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I’ve tried out a lot of black pens over the last few years and the first thing I learned was that I would always opt for a fineliner over a biro.

Biros are less forgiving of any small bumps on your work surface and fine liners give a smoother finish. See image below:

Up until the end of 2019, I would have told you that any fineliner would do for me. I mostly used Wilko fineliners as they are inexpensive, work well and who doesn’t like an excuse for little peruse around Wilkos?

You probably won’t be surprised to learn that fine liners are designed to draw fine lines with.

This means that they’re great for writing and creating the outlines of your drawings. They’re not very useful if you want to great thicker lines and/or shade in larger areas of black. This meant that, up until the end of 2019, my standard pen combo would be a black fineliner, a fine black sharpie and something to colour with. Below is a good example of this – the heading and subheadings were written with a Shapie and the smaller text was written with a finerliner.

Sharpies are wonderful in a lot of ways BUT if you are writing in a notebook and/or on thinner paper they are likely to bleed through the paper. This became a frequently problem for me – I would only be able to use every other page in my notebooks so I played around and had a brief fling with the Pilot V Sign Pen Liquid Ink 2.0 mm Tip.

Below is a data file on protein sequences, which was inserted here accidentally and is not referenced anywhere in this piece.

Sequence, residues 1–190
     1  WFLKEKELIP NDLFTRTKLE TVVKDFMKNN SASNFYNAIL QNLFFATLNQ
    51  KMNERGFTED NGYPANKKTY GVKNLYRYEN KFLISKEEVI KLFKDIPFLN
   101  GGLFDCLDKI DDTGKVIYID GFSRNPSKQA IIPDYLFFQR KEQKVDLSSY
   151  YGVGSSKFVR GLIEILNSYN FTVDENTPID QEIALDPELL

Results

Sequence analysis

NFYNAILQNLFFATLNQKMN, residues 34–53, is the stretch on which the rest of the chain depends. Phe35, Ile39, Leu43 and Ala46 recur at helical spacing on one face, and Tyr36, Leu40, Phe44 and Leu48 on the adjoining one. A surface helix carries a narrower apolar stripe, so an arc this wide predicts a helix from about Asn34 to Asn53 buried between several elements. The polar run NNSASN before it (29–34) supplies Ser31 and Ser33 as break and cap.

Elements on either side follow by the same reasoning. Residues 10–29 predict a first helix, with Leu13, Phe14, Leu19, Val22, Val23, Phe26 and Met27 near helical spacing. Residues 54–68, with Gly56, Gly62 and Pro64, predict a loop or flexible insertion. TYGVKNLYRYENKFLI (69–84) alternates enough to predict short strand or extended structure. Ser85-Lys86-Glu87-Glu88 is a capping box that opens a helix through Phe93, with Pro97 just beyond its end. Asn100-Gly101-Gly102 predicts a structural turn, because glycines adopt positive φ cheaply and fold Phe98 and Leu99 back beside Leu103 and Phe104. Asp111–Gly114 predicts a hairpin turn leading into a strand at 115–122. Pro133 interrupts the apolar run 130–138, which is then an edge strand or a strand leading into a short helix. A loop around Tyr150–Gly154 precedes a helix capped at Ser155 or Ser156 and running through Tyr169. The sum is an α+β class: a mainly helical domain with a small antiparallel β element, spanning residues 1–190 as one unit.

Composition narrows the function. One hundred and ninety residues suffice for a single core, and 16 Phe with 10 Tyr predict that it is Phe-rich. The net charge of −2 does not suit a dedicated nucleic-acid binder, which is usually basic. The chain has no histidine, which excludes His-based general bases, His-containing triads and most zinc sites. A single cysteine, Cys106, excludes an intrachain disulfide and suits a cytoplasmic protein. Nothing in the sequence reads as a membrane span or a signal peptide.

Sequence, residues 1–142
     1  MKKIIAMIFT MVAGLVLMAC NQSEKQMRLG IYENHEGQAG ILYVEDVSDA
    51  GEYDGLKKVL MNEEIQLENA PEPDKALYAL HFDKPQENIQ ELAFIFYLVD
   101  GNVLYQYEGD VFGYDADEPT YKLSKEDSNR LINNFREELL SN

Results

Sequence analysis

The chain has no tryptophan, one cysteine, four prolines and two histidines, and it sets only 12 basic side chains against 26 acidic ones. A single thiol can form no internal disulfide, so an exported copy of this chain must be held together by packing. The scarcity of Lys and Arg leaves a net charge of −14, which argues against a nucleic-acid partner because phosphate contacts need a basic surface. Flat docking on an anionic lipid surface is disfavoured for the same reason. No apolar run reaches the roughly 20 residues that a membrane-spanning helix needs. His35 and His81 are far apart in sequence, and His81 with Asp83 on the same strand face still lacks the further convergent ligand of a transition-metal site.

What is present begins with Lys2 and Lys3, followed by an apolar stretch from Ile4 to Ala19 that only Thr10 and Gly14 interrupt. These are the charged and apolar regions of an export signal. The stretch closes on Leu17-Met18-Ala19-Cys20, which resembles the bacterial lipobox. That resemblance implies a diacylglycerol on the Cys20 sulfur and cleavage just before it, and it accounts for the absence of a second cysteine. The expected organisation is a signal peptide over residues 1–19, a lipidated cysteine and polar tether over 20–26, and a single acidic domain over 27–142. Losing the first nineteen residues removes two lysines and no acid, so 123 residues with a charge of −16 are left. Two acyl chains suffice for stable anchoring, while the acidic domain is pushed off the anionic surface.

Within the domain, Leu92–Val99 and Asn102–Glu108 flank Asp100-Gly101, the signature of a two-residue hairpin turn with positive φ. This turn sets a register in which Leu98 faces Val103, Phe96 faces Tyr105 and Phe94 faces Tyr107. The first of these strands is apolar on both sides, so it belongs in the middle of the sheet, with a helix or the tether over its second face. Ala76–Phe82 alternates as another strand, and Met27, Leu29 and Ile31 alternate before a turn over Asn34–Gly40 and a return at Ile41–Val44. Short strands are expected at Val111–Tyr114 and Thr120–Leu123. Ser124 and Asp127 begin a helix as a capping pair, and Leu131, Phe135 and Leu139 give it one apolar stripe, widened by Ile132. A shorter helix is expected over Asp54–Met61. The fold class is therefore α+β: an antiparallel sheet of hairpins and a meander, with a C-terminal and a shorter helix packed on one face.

I temporarily loved this pen – it writes so smoothly. Drawing with it felt like sliding a beautiful black line across ice. Our love affair didn’t last very long. This pen stays wet for ages so my notes became smudge central. Then, to add insult to injury, this pen does not like other colours being added on top of it. When I was colouring in my doodles the beautiful black marks I’d made went EVERYWHERE. So…I would only recommend this pen if:

1. You’d like to make black and white sketchnotes, or

2. you’re happy to colour in your sketchnotes with pencils/crayons, and

3. you’re not someone who usually smudges your work.


After falling out with the Pilot V Sign, I kept experimenting and discovered the mighty Staedtler Lumocolor Black Fine Permanent Marker. This is my current love affair.

Don’t get me wrong, the Staedtler is not perfect and bleed through does still happen with it… so I may keep looking around. Having said that, I love using this pen so much that it’s forced me to leave my notebooks behind and go for thicker paper.


The Staedtler is smooth to write and draw with. It’s fine enough to create clear and crisp lines and yet it’s also easy to colour small areas in with. Unless I want to shade large areas of black, I rarely need to use my Sharpie. Which is great because the less pen-swapping I have to do, the faster I can sketchnote.

If that wasn’t enough, the Staedtler is also waterproof and smudge resistant. This means I get less marks on the side of my hand (from leaning on wet ink) AND it’s a lot easier to add colour without the black ink bleeding into it.

In summary, if you are looking to invest in a new black pen for your sketchnotes, I’d recommend the Staedtler Lumocolor Black Fine Permanent Marker.



**Please be aware that this post is not sponsored in any way. They are the personal opinion of Mandy Johnson. Some of the links used are affiliate links therefore Sketchnotes UK will get commission from any sales made as a result of clicking on these links.

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